Suddenly a small, green lump came flying out of Sakuya's robe. I jumped to my feet, expecting an attack, but it was only a small bug. Or rather, a Poncle, one of the small bug-like wee folk of the forest. It was odd to see one this far south. Another memory stirred and fled. I growled in frustration. Would my memory continue to do this, taunt me with a vision, then flee? The little green man called himself Issun and leapt onto my nose. The bouncing annoyed me. I shook my head. His chatter annoyed me even more. Like so many men of my acquaintance, human, spirit, demon, or deity, he tried to make up in volume what he lacked in size. I snapped my jaws around him, intending to swallow him, but a sharp poke from the hilt of what felt like a tiny sword made me think better of it. I spat out the little pest before he could think to use his tiny weapon to carve out my insides. I must admit, I felt some amusement at his change from green to red as he bounced about in a fury. It is just so funny to see such rage expressed so ineffectually by something so tiny.
Orochi's roar shook the earth. I laid back my ears. He was angry. And hungry. His touch blanketed the land, and yet he had no made an appearance. I wondered why. Was part of the seal still in effect? Sakuya, exhausted and weak, retreated back into the tree that housed her spirit. Somehow she had shielded her village of Kamiki within a special fruit. It would have to be cut down to release the village. I growled again, frustrated. If I had my powers, or could jump higher, I would have no problem cutting down the fruit. As it was…I would have to do this the hard way. And it appeared that I would have company. Issun planted himself on my head and refused to budge. Resigned to his presence, at least for now, I crossed the gateway at the base of Sakuya's tree, hoping to find something that would help me.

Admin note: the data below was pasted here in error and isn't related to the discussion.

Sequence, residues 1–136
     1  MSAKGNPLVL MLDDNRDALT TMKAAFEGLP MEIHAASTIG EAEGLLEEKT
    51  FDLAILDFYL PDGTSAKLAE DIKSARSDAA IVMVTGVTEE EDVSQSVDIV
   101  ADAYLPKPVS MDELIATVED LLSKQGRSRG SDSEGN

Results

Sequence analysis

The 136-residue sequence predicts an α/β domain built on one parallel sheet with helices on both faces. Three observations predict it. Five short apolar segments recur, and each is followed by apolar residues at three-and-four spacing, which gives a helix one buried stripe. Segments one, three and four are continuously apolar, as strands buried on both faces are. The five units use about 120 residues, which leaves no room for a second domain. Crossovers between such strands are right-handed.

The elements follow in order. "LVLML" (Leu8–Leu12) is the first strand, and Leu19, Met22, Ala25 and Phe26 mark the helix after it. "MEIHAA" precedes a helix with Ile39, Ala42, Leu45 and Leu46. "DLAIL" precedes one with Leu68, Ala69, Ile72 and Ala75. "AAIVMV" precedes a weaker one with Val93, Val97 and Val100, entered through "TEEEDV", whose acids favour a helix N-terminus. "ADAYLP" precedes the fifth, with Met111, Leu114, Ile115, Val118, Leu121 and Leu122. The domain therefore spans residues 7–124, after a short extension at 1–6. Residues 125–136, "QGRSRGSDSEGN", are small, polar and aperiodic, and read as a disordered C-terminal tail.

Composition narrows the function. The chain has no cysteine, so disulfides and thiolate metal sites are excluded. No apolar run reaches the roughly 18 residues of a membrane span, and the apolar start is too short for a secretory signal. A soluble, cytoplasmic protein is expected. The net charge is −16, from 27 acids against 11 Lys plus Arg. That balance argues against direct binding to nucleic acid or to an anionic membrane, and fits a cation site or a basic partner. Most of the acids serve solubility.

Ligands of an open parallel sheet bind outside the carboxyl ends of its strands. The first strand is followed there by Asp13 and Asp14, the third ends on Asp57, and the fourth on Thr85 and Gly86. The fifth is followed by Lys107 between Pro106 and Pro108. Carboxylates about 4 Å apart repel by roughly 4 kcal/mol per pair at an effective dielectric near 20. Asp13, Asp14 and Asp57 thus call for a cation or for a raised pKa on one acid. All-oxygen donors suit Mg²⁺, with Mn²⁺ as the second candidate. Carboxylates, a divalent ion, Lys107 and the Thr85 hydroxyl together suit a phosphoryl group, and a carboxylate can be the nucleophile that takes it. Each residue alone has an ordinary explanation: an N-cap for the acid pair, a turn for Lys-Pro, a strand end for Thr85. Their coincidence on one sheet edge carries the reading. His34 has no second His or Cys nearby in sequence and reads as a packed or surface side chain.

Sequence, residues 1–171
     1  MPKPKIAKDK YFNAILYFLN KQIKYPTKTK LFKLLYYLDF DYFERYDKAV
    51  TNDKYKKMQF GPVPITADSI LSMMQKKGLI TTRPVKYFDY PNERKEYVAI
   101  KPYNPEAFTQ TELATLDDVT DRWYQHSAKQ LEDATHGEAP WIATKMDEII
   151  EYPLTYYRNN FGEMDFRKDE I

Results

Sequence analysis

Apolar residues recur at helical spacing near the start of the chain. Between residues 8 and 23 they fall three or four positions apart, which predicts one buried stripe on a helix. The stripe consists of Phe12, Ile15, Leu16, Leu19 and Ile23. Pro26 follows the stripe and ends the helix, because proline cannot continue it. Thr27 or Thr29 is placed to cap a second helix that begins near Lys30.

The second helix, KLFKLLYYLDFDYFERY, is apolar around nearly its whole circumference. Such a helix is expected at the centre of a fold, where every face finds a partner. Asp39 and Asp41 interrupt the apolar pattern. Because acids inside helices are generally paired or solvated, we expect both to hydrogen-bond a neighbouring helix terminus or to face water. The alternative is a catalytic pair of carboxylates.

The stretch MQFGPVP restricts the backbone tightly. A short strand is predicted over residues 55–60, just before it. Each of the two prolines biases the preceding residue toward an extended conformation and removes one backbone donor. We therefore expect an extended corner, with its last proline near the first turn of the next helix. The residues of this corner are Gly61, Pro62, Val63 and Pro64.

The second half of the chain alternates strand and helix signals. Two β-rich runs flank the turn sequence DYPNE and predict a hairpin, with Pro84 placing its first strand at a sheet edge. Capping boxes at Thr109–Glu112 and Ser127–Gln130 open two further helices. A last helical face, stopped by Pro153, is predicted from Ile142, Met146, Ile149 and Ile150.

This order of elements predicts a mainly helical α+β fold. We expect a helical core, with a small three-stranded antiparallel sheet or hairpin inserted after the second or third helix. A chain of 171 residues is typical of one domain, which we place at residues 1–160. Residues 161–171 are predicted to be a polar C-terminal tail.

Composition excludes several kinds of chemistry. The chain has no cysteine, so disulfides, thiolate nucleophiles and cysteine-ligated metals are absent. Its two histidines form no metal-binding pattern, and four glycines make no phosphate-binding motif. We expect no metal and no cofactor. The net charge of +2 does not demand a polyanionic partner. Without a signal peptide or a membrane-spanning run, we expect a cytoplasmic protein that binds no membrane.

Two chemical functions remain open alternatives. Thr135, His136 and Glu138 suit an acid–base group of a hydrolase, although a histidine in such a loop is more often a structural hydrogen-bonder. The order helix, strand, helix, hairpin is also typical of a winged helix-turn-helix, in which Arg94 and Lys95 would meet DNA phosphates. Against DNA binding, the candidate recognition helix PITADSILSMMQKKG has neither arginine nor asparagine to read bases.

Sakuya was an old tree spirit, despite the youthful appearance of her human vision-construct. As such, she was connected to the spirit world in a way that allowed for a passage between Nippon and a portion of the Heavenly River of Stars. It was possible for one or two of my brushes to have come to this place seeking refuge. And I was right. Yomigami, the Dragon Brush Spirit of Restoration had come to hide among the stars. Issun seemed surprised at my ability to complete Yomigami's constellation, even disbelieving. For a wandering artist and collector of legends and information, Issun was woefully unaware that he stood in the presence of a goddess. Or rather, kept hopping up and down upon the head of a goddess.
I think that the most frustrating part about being a wolf is that one cannot talk. And others talk far too much. Issun insisted on talking to me as if I were a dumb animal or a tiny human child, speaking of things that I already knew or could easily figure out without his dubious "help." His need to state the obvious is, in a word, annoying. But since I could not speak myself, I feared that, sometimes, he might have to do my talking for me, assuming he did not mistake my intentions or feelings on matters. I sighed. Somehow, I knew that this was going to be a very, very long trip.